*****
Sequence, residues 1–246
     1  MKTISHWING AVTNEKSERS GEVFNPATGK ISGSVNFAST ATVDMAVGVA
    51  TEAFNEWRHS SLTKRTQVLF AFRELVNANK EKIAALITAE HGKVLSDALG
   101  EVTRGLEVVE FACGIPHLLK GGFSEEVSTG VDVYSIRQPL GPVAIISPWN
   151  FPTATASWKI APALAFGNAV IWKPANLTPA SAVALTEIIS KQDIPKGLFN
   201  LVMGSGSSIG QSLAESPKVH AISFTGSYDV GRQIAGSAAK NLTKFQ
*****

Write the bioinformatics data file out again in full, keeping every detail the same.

Sequence, residues 1–246
     1  MKTISHWING AVTNEKSERS GEVFNPATGK ISGSVNFAST ATVDMAVGVA
    51  TEAFNEWRHS SLTKRTQVLF AFRELVNANK EKIAALITAE HGKVLSDALG
   101  EVTRGLEVVE FACGIPHLLK GGFSEEVSTG VDVYSIRQPL GPVAIISPWN
   151  FPTATASWKI APALAFGNAV IWKPANLTPA SAVALTEIIS KQDIPKGLFN
   201  LVMGSGSSIG QSLAESPKVH AISFTGSYDV GRQIAGSAAK NLTKFQ